Nearly two years ago, expectations ran high as President Obama took office and Secretary Napolitano took the reins of the Department of Homeland Security (DHS). In review of DHS’s first year under the Obama Administration, the Immigration Policy Center (IPC) found that while many promising changes were initiated, few were successful due to limiting political constraints. Today, two years out, we find a department still struggling to balance priorities, entrenched in an enforcement-heavy debate, claiming that without Congressional action, its hands are tied on administrative reforms. That claim, however, is inconsistent with the wide range of executive branch authority available to DHS and the President.
This week, the Immigration Policy Center released its second DHS review, Second Annual DHS Progress Report: An Analysis of Immigration Policy in the Second Year of the Obama Administration, which looks at DHS’s actions in 2010 through three critical lenses—prioritization, transparency and coordination—to assess whether DHS has made progress since last year. The report also looks at whether DHS has the capacity to follow through on the vision of reform outlined by the Obama Administration.
As is so often the case, there are no black and white answers. Findings on DHS’s record were mixed, with progress in some areas and setbacks in others. DHS’s treatment of Haitians over the last year represents some of the best of the Department and its people, yet it also evidences the lack of coordination and vision endemic to the institution. For example, at virtually the same time that USCIS was poised to implement the Help Haiti Act of 2010 (which grants permanent residence to orphans paroled into the U.S. after the earthquake), ICE announced that it would resume deportations to Haiti, despite the abysmal conditions that continue to exist one year after the earthquake. This lack of a disciplined and coordinated approach to issues seems to routinely undermine the good work that does happen within the agencies.
When it comes to prioritization, ICE failed to live up to its stated focus on criminal aliens. Instead, ICE touted the large numbers of noncriminal aliens rounded up and deported through programs like Secure Communities, which continued to operate behind a veil of secrecy.
Among other things, DHS also gets low marks on the coordination front as it consistently fails to provide the critical leadership and reporting structure needed to bridge the gaps and move forward with a coherent and unified agenda. The lack of coordination between CBP, ICE, and USCIS has led to uneven and inconsistent application of information-sharing practices, defying many of the Obama Administration’s directives to cut red tape and provide the public easy access to information.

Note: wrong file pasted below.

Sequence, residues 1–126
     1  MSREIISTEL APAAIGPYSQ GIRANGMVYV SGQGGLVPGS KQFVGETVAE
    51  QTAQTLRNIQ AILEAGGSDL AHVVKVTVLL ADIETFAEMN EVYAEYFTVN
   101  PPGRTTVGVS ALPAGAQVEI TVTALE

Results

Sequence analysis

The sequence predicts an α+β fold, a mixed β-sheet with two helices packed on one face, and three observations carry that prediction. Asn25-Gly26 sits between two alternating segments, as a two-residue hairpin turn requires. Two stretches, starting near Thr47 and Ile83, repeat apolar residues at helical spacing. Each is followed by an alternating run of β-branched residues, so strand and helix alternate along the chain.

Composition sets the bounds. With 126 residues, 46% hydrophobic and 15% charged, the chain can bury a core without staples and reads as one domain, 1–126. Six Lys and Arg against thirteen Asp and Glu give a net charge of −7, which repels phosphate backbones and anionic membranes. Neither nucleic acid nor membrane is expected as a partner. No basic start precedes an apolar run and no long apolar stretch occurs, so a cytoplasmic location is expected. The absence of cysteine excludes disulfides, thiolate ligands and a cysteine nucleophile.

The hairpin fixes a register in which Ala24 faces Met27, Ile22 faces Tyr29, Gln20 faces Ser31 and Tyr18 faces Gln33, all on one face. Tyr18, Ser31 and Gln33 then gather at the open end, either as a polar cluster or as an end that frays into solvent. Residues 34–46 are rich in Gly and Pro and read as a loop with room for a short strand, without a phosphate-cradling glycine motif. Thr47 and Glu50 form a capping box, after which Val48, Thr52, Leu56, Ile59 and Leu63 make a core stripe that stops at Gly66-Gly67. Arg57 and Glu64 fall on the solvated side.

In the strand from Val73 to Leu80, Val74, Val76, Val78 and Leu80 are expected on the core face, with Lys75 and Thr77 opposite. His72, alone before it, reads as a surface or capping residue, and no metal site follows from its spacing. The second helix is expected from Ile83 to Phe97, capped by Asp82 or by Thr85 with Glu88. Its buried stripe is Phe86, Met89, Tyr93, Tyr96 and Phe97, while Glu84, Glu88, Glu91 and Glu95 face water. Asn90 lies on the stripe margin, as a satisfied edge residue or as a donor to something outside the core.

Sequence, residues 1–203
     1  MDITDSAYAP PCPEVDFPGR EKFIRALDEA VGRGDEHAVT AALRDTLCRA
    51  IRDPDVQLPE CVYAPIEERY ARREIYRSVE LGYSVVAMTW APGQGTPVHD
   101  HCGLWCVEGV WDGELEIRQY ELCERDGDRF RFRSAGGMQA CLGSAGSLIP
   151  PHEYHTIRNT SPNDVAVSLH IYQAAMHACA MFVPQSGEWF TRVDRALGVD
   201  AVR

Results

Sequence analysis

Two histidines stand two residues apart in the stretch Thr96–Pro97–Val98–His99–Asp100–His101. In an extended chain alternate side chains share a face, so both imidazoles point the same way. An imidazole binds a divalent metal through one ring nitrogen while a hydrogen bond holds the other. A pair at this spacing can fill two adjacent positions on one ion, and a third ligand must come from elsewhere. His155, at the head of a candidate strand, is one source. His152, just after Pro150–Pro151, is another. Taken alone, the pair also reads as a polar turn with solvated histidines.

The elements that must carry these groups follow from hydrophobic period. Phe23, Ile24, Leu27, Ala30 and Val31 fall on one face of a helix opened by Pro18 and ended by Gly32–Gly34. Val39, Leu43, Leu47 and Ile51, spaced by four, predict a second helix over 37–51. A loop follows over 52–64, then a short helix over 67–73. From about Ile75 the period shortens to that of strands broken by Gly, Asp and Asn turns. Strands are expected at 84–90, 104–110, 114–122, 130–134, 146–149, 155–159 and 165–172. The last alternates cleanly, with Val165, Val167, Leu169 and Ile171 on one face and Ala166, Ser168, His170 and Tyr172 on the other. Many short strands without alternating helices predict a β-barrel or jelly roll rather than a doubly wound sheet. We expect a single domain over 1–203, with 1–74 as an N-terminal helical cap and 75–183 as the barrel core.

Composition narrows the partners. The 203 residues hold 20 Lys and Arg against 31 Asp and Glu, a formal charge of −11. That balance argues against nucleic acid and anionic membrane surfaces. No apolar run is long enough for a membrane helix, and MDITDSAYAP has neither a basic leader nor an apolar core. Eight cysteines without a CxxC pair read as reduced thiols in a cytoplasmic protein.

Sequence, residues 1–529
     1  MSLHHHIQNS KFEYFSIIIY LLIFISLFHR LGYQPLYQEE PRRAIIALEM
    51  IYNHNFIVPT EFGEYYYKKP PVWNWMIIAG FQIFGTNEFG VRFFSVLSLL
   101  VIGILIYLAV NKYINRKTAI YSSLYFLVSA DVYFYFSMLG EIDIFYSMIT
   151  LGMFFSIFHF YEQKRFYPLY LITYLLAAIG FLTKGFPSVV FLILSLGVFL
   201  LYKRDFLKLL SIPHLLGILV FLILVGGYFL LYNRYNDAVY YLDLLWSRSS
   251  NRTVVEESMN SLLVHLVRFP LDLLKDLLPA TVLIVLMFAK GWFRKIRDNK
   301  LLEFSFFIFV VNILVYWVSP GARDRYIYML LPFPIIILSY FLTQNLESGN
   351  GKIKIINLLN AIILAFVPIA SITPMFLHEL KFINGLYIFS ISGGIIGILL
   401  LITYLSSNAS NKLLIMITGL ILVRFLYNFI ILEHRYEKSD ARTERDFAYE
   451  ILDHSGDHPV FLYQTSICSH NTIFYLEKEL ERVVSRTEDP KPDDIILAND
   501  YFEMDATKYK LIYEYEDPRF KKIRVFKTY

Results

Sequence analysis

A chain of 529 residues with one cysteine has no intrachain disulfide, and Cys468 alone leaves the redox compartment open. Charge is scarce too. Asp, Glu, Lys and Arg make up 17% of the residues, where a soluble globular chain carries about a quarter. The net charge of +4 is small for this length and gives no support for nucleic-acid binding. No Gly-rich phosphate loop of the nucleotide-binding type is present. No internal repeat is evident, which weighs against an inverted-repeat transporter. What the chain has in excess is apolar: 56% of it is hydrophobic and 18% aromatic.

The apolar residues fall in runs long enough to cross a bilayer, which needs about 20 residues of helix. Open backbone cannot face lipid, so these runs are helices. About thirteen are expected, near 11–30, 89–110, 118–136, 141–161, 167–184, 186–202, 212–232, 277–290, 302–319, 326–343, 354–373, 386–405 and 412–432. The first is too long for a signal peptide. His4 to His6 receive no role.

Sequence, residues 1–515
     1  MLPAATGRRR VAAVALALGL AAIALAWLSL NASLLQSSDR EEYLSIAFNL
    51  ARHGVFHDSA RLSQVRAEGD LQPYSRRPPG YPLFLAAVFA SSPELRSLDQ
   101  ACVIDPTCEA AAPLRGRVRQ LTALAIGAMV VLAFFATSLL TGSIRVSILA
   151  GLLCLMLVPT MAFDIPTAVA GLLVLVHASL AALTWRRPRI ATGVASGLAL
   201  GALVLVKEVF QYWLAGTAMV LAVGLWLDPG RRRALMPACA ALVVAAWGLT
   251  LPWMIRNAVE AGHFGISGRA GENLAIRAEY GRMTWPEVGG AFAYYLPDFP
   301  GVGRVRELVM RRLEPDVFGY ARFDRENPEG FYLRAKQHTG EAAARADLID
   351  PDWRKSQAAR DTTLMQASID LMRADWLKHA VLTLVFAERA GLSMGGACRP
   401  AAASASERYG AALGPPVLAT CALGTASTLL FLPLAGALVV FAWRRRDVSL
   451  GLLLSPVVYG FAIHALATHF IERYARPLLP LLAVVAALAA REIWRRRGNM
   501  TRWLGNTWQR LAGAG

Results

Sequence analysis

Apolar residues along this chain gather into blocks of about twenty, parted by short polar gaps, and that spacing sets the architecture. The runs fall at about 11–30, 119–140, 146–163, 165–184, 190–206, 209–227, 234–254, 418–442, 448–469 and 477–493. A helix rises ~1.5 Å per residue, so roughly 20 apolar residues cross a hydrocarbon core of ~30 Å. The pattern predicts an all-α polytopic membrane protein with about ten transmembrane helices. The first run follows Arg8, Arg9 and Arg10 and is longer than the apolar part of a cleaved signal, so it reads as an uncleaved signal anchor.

So what can DHS do in the absence of Congressional action? Plenty. As an executive branch agency, DHS has wide discretion to enforce, implement, and interpret existing laws. Some of the report’s recommendations include the following:
- DHS must assert its executive branch authority, even in the face of Congressional opposition. The president articulated a vision of a just and humane immigration system during his speech at American University last year. While CIR is needed, there are improvements that the Administration can make now. Such reforms are not end runs around Congress, but are instead critical exercises in interpreting, implementing, and enforcing existing law within the context of changed circumstances.
- DHS must carefully monitor and supervise state and local law-enforcement partnerships so that individuals who are not ICE priorities are not caught up in the net of Secure Communities or 287(g) programs.
- DHS must streamline its regulatory process as well as coordinate functions across CBP, USCIS and ICE to prevent conflicts in the interpretation of law and policy.
- DHS must move forward with detention reforms, promote better funding for integration programs and engage the public to comment on policies across department agencies.
While DHS can and should implement these changes, the report also acknowledges that the Obama Administration and the front offices of DHS need to be more engaged on the day-to-day implementation of immigration policy and exhibit real leadership if any of these reforms are to become a reality.
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FILED UNDER: Department of Homeland Security, enforcement, Executive Branch, Janet Napolitano, USCIS